Recent developments have made sooner the quarter at which Clean Energy Fuels (NASDAQ:CLNE) will become consistently profitable.
Over the last two quarters, CLNE was profitable and handily profitable. But this was in part due to gains from paying down debt at a cheap price and a "lumped" payment of government subsidies for their natural gas fuels.
Q2 will very likely see a loss of between 10 cents and 20 cents per quarter. But because Clean Energy has both paid down their long-term debt and did so by diluting their shares, the loss may be lower than previously expected from Q2 forward.
The debt pay-down may result in as much as a 3 cent cut in their loss in EPS per quarter, and likely more than 10 million in savings over a year.
Furthermore, CLNE just introduced their new modular, environmentally-friendly nat gas compressor. They will immediately start using this compressor at stations that they own or build. This will improve services at a lower cost. This will benefit the bottom line in two ways: lowering costs and also increasing sales and profits at their languishing compressor business.
The compressor business has been seeing some slow sales as they wait for sales to China to kick in. With the announcement of the new better, less costly compressor, those China sales may start to kick in. The Chinese may have been waiting for this new product to come out.
What was surprising about Q4 and Q1 was that CLNE was able to maintain solid gross margins on their nat gas fuel sales even as oil prices plummeted into the 20s.
With prices hitting around 50 in Q2, the quarter should see excellent margins. Of course, much of their sales are contracted, so the margins may not double from 25 to 50. But because of the increased diesel prices, I expect to see accelerated contract signings.
This seems to be borne out by the reports of many new nat gas stations opening nationwide in Q2, and through July.
Some investors are confused, thinking that higher nat gas prices help CLNE. The main factor is the difference in price between a gallon of diesel and a gallon-equivalent of nat gas fuel (either CNG or LNG).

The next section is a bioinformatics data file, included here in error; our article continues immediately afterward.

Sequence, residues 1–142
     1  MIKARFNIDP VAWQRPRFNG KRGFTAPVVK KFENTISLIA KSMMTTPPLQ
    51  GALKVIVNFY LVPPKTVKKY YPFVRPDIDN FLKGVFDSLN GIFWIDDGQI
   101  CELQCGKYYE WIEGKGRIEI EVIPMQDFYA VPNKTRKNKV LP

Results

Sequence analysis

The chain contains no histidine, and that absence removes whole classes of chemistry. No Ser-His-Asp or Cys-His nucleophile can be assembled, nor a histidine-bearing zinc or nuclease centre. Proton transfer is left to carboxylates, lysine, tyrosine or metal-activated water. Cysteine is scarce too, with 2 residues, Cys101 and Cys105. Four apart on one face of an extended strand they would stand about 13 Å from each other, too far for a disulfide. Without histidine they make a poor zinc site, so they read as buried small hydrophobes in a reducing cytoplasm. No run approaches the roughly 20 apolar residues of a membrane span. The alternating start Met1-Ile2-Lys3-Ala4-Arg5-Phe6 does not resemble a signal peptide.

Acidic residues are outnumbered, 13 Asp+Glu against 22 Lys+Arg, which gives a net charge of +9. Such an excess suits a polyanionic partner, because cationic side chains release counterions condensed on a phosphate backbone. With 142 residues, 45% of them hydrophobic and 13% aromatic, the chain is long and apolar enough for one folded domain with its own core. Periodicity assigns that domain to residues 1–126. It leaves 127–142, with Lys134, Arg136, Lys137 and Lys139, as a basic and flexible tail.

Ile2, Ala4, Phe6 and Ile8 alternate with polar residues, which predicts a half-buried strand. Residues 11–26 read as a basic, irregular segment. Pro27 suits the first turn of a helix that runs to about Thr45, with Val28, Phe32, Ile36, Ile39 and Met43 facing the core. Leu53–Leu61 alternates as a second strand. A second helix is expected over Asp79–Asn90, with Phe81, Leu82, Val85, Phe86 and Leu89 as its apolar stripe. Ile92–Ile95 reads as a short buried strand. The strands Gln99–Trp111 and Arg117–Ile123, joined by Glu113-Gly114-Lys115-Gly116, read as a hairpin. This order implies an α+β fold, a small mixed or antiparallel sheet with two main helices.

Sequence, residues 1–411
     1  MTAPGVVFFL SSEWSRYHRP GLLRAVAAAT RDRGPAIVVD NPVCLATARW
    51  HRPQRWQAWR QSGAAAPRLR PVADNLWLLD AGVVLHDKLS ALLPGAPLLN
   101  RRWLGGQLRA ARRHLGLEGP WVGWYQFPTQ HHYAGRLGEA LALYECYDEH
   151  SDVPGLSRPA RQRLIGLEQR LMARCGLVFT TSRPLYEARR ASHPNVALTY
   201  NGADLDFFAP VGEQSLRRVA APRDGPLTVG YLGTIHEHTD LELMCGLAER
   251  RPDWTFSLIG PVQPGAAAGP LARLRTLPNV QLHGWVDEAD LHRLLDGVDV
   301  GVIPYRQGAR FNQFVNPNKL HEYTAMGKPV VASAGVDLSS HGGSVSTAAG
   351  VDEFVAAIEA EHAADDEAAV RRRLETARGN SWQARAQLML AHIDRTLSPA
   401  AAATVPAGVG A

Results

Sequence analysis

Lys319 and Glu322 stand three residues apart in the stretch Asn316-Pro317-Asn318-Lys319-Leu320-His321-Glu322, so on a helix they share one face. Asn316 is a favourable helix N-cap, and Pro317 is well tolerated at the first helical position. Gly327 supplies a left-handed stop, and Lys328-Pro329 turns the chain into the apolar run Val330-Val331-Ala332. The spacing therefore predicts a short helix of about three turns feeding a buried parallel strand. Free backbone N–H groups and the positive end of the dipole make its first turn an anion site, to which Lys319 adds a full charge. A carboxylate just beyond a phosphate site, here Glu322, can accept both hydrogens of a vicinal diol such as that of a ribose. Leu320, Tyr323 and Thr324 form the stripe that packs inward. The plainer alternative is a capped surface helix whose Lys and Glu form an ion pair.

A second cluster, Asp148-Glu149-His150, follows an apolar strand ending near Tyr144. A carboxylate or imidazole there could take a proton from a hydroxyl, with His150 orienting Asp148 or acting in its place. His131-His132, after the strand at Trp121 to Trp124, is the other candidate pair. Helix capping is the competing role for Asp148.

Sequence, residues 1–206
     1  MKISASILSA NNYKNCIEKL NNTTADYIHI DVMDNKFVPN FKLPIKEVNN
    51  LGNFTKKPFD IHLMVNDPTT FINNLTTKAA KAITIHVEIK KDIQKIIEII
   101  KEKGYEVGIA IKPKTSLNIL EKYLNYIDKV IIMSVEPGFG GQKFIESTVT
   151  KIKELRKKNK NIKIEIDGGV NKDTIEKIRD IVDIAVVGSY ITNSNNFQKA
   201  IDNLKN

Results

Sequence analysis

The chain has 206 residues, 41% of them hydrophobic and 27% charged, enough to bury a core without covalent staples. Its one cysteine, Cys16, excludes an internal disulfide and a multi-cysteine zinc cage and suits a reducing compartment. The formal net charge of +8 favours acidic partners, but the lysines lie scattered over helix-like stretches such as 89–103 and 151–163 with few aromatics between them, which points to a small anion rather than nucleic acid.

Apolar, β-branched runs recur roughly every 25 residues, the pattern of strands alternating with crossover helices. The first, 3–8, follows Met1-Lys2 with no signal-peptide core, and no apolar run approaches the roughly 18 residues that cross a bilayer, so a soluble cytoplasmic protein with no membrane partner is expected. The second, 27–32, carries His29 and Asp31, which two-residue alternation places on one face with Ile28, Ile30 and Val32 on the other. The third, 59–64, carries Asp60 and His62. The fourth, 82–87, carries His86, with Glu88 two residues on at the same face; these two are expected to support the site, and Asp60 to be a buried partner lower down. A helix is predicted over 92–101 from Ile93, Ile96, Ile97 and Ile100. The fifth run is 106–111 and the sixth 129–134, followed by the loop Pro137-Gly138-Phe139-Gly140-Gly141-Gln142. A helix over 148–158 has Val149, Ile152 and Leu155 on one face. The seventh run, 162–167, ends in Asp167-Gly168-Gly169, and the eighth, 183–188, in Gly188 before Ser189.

Amazingly, CLNE reported that they maintained up to a dollar difference in these prices in Q4! And that the "payback period" for buying a nat gas heavy duty truck was about 18 months!
If one were to start a trucking company or a sanitation company or a bus company today, one would start it off using 100% natural gas fuels. No question about that.
However, CLNE is in the business of convincing companies to switch to natural gas, and that is why it has not taken off more than it has. Companies are waiting to see where diesel goes from here before they invest in nat gas trucks.
And that is where the benefits of low-emissions trucks come in. More shippers and ship-ees seek lower emissions in trucking because of new federal and California laws and because people are demanding cleaner means of transport and production. UPS, Ryder, Dillon, Waste Management, etc., are getting customers because they are looking cleaner and cleaner than the others.
Plus every business in the chain of production and patronage is benefiting from government subsidies; the government is doing little things -- a few million here and there -- on both the state and federal levels to try to slow climate change by shifting the emissions of the largest vehicular culprit -- trucking.
So, if you could save a dollar a gallon, pay off your new zero-smog truck (see Westport Fuel Systems, (NASDAQ:WPRT)) in a year and a half, and gain a reputation as a clean fuel shipper, would you?
Of course you would consider this; but it would be a hassle if you were already using diesel. Hence the slow pick up. But states like California are trying to accelerate the process with major subsidies.
And nat gas fuels have barely penetrated the state.
But that is where CLNE's renewable natural gas (NYSE:RNG) is starting to make huge strides. Because RNG is essentially natural gas captured from landfills and other places, it is actually removing greenhouse gases from the atmosphere. California recognizes this and the state will likely continue adapting RNG as fast as it can be produced.
Worried about electric trucks? No one has built a viable one, and Tesla is too busy buying up Musk projects to invest in one. Furthermore, electric trucks use electricity from the grid, and that means the dirtiest fuel of all, among others: coal.
So, the future looks bright for Clean Energy Fuels. Just a matter of which quarter they go profitable "for good." Most likely it will be in 2017 or 2018, but the closer the company gets there, the higher the stock price will likely climb.
Disclosure: I am/we are long CLNE, WPRT.
I wrote this article myself, and it expresses my own opinions. I am not receiving compensation for it (other than from Seeking Alpha). I have no business relationship with any company whose stock is mentioned in this article.